Every New Year’s Day Ingrid set herself an annual goal. One year she called: The Year of Getting Rid of Debt. She cut back on everything, rarely ate out, and twelve months later had not only paid off all her credit cards but had a hefty balance in her bank account.
Another year she named: The Year of Getting Rid of Things. She was relentless. Week after week, month after month, she plowed through her closets and drawers, stripping her belongings down to the basics.
This most recent year she truly challenged herself. It was: The Year of Getting Rid of People.
“I’m shifting gears,” Ingrid said.
“What the hell does that mean?” Tyler said.
“Not fully clear. But I can’t take you with me. It’s a solitary journey.”
“This is ridiculous.”
Tyler was the first to go. It was very satisfying. He had been making noises for several months like he was anticipating moving in and Ingrid knew that mustn’t happen. Fifty-four years old and twice divorced, she was not fooling herself any longer. He was too busy for her, always wanting to do things, always wanting to entertain her. Meaning: himself. So it was goodbye: please don’t call.
She felt like she had the wind in her sails then, so Tricia was the next to get thrown overboard. Well, that’s rather harsh. Ingrid termed it: setting us both free.
“But I thought we were friends?” Tricia asked. “Maybe best friends.”
“Yes. But we both need more space. We need to open up a bit.”
“I don’t need more space. Who told you that?”
“Well, there you go. I do. And good luck to you.”
It would be easy to overdramatize Ingrid’s plans, to say that something was wrong with her, that she was suffering a mental aberration, some vengeful drive to hurt the ones who most loved her. Or, maybe some hideous event in her childhood had warped her essential grasp of human decency. Perhaps, horror of horrors, she was thinking like a man. Ingrid certainly recognized that people might judge her with those kind of biases and that was fine with her. It’s a free world: they could fantasize all they wanted. But the simple fact was that her days were much more pleasant with less people involved. There wasn’t the same compulsion to perform. She could breathe.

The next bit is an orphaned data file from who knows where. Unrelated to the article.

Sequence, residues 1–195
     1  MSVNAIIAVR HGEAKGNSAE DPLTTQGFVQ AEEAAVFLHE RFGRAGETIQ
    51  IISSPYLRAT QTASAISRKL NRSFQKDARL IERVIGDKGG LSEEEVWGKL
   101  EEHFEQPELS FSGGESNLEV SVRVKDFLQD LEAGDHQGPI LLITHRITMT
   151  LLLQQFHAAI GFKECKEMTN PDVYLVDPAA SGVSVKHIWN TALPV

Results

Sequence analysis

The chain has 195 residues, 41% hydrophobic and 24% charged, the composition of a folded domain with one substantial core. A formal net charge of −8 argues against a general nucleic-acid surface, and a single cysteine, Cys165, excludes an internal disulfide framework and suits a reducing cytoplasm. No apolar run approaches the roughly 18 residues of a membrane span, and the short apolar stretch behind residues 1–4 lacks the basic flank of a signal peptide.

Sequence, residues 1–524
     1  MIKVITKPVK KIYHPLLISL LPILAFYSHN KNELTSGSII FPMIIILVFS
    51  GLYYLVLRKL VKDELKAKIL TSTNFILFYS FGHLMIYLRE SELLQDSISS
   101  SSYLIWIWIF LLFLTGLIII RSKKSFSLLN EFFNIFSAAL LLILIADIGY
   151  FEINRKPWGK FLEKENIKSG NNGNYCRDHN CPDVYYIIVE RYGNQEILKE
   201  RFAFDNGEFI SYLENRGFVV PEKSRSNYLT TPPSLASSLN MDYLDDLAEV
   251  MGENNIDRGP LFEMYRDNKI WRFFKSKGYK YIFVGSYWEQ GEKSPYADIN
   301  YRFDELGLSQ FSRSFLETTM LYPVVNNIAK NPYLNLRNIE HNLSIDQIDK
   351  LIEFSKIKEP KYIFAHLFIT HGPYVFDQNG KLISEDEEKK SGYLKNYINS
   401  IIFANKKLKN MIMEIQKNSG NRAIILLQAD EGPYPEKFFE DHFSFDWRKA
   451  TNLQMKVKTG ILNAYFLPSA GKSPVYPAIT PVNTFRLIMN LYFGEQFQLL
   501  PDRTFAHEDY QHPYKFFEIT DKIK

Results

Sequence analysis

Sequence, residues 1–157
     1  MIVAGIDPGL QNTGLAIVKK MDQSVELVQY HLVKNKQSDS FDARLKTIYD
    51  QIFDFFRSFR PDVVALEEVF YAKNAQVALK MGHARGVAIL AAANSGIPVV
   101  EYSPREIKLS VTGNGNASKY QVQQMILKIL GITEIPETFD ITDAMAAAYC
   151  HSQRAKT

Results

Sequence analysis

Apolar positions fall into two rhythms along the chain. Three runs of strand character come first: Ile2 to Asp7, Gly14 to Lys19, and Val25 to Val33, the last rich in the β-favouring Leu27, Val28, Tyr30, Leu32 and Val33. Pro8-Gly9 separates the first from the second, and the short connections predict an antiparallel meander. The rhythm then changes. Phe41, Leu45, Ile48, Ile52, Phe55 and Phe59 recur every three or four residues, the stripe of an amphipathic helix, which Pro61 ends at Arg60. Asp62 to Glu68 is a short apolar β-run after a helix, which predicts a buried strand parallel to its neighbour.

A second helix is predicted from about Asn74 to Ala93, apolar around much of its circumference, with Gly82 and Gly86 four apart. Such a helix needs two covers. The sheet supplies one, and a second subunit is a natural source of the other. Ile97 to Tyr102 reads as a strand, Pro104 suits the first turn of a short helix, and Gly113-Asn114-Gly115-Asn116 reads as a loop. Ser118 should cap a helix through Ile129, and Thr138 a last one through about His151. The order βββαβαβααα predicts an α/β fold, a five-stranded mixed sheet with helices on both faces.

Ingrid worked in that cemetery just north of downtown, the really old one where the musty politicians and rich celebrities end up. She wasn’t a mortician or an undertaker. She didn’t deal with the bodies, she didn’t even see them. She was a salesperson. She dealt with people when they came in to make ‘arrangements’. That sounds a little crass in the context of human death but Ingrid didn’t let that bother her. It wasn’t like she was hustling used cars or dishwashers. She was a low key cog in a low key industry and that suited her just fine.
Because they were off balance with grief few of her clients made many demands of her. Most basically towed the line, nodding their heads to everything she proposed. It was perfect for her. Perhaps not perfect. Almost. There were always a few individuals who figured they knew better than her but she would call in her supervisor, Jack, when that happened. Jack loved bailing Ingrid out and Ingrid was content to be bailed. She resented unnecessary turmoil.
Most days Ingrid arrived well ahead of starting time, hid her knapsack behind the vestibule wall at the office entrance and set off for an hour’s walk around the cemetery’s maze-like lanes. Ingrid always took the same route, winding round the oldest part with the largest and most historic mausoleums first, then through the newer section with its endless rows of humble markers, then finally circling back to the office and the real world. Ingrid never tired of this walk. It was uplifting: the morning calm, the dim light, the occasional fox or even a deer ducking behind the stones, the stones themselves, like familiar friends sharing her affiliation with the night’s fading tranquility. It was almost mystical, or as close to mystical as Ingrid could tolerate.